The other acronym – the Committee on Foreign Investment in the United States (CFIUS) – is immediately in play. Pre-election, there was intense and China-driven interest in Congress in reforming CFIUS, to make it more restricting. While Congress finds many things interesting pre-election, this one has also seen legislation drafted in the lame-duck session. A General Accounting Office report expected in early 2017, even if vacuous, provides the opportunity to introduce bills.
A policy response to rising Chinese investment has bipartisan Congressional support, but the devil remains in the details. The central question, as always, is whether to emphasize security issues focused on technology or economic issues focused on market access. An apparent bridge between them has been offered in the form of restricting state-owned enterprises (SOEs). This is a live political possibility, but would be a mistake. Chinese investment in the U.S. is increasingly led by private firms and the security risks posed by Chinese firms do not depend on ownership. A private Chinese firm cannot say no to the Communist Party any more than an SOE can.
Also a bad idea: applying a vague test for net economic benefit. This would invite abuse and undermine the U.S. as an investment destination. It is unlikely to succeed on its own but could sneak in as part of a series of reforms as a result of legislative bargaining.
Reciprocity – closing the U.S. somewhat to investment from countries that interfere with American investment – is fine as a general principle. But there are obvious dangers in implementation. The process of identifying the countries and the extent of the response justified would be politicized. In addition, the U.S. should certainly not close the same sectors to China that China effectively closes to the U.S., so the simplest application of reciprocity would be unwise.
There are better options. CFIUS’ purview should be explicitly expanded to greenfield investments, in particular those proximate to “critical” infrastructure. While such a reform could also be abused, the general notion of critical infrastructure is already used by American decision-makers. It also reflects some of the areas where Beijing does not allow foreign participation. Another entirely justified step would be to bar Chinese entities which can be shown to have benefited from stolen intellectual property.
Predictions for 2017
At time of writing, the situation is too chaotic for a sound forecast. Here’s one, anyway:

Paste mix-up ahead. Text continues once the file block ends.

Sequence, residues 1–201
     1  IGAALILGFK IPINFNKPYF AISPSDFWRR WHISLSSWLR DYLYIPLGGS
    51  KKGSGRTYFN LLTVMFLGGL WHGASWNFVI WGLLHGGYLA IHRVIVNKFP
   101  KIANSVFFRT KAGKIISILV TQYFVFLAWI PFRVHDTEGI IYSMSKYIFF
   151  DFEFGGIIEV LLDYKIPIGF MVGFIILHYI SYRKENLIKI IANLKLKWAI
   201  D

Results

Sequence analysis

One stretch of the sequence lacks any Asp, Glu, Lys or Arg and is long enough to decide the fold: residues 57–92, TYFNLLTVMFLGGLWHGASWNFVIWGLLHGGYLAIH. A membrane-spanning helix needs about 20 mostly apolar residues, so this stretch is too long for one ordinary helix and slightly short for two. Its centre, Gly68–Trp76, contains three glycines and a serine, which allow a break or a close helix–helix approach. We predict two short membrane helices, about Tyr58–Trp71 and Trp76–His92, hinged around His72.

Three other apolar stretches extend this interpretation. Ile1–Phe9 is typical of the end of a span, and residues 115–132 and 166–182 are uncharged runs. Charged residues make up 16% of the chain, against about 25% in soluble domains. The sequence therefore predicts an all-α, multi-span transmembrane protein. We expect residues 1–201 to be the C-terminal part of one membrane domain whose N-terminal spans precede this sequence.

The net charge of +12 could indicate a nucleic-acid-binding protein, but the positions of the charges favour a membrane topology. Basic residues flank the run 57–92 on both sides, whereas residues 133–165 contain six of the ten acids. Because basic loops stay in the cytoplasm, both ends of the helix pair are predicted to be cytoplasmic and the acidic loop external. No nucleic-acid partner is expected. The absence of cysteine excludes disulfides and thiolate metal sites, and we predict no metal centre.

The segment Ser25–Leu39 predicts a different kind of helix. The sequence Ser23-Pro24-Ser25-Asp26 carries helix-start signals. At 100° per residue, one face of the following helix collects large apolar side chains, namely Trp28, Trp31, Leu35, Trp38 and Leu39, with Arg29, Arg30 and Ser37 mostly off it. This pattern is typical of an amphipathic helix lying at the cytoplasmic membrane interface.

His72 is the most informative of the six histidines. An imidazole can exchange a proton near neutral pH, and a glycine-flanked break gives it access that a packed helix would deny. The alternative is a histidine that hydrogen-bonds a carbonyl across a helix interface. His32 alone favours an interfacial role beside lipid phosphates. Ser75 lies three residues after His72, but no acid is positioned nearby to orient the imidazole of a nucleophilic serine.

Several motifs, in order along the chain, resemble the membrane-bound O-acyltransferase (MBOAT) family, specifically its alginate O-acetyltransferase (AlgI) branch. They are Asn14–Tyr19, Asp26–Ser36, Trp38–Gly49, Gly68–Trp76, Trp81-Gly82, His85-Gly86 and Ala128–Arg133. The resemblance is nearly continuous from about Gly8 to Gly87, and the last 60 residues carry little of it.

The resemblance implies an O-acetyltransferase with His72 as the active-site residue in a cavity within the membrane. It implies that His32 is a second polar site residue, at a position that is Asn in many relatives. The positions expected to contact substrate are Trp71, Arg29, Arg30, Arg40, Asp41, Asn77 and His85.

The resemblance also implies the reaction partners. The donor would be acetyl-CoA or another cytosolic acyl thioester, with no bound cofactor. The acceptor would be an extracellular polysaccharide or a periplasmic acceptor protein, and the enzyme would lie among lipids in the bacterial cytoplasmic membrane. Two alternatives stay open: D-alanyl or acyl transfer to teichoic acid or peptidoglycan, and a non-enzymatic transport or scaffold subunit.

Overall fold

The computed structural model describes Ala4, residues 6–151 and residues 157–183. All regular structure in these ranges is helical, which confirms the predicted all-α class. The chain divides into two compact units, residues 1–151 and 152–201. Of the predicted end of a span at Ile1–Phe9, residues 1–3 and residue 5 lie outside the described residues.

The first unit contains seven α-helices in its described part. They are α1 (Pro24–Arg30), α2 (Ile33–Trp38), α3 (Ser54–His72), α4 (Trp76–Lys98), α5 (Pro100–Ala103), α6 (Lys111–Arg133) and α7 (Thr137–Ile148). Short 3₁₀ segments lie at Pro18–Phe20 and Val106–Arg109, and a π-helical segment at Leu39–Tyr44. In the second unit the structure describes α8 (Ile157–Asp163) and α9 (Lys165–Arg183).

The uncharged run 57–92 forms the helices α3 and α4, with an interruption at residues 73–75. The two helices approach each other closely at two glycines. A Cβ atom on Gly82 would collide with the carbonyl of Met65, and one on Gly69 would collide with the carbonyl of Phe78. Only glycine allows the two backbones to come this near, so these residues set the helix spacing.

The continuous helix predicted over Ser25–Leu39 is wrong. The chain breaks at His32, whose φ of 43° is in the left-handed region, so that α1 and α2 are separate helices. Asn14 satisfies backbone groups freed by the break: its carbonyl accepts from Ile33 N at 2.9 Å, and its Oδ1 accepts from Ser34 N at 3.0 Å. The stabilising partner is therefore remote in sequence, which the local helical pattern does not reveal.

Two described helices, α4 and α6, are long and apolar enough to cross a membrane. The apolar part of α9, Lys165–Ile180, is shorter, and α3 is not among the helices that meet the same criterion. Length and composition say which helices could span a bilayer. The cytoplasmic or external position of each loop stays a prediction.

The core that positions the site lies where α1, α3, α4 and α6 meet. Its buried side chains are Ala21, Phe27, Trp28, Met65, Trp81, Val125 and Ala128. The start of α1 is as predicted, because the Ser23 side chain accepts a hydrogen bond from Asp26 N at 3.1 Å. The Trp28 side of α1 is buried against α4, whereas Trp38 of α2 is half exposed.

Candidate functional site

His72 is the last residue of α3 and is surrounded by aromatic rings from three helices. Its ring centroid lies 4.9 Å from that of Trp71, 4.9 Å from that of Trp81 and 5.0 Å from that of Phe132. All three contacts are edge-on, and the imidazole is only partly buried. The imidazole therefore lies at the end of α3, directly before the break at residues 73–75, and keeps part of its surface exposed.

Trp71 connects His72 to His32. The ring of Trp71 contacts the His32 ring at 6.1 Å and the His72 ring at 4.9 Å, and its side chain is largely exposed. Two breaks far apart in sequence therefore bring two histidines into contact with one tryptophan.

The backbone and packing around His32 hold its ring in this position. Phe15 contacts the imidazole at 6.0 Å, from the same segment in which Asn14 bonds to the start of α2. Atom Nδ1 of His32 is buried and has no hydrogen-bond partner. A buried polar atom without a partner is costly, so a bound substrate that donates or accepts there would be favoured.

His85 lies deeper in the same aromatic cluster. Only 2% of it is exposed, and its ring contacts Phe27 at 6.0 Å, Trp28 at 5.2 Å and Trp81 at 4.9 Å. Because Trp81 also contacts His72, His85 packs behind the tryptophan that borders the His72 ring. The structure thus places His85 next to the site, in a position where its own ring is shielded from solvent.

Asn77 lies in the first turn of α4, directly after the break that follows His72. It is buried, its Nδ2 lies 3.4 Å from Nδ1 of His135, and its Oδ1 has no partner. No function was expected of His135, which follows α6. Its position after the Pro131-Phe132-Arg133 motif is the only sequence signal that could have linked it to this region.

- The BIT will be comatose, but not renounced.
- A substantial CFIUS reform bill will pass.
- It will have new technology-based restrictions, perhaps involving critical infrastructure.
- It will not ban SOEs merely on the basis of ownership or include a meaningful net economic benefit provision.
- I will not get all of these right.
Number 5 is the best bet.
Once the U.S. acts, China will react. With the Trans-Pacific Partnership already comatose, Beijing may in fact be pleased to see the BIT in a similar state. But fresh restrictions on investment, via CFIUS or otherwise, are another matter. China’s response will naturally depend on the status of the bilateral relationship as a whole. It also depends on whether Beijing believes third parties must be deterred from mimicking American actions. Only a few have technology China wants, for instance.
In general, China can bluster more than it can effectively act on a bilateral economic basis. With advantageous market access in both investment and trade, China has more to lose. If the U.S. adopts reasonable restrictions on investment that leave important sectors such as entertainment and property open, Beijing will do little more than talk. A net economic benefit test or something similarly radical would see retaliation to maximize political pressure on the U.S. or in industries where Beijing sees the most commercial opportunity if American firms are crippled.
Derek M. Scissors is a resident scholar at the American Enterprise Institute (AEI) and chief economist of the China Beige Book. He authored the China Global Investment Tracker. Previously, Scissors was a senior research fellow at the Heritage Foundation and an adjunct professor of economics at George Washington University. He has worked for London-based Intelligence Research Ltd., taught economics at Lingnan University in Hong Kong and served as an action officer in international economics and energy for the US Department of Defense.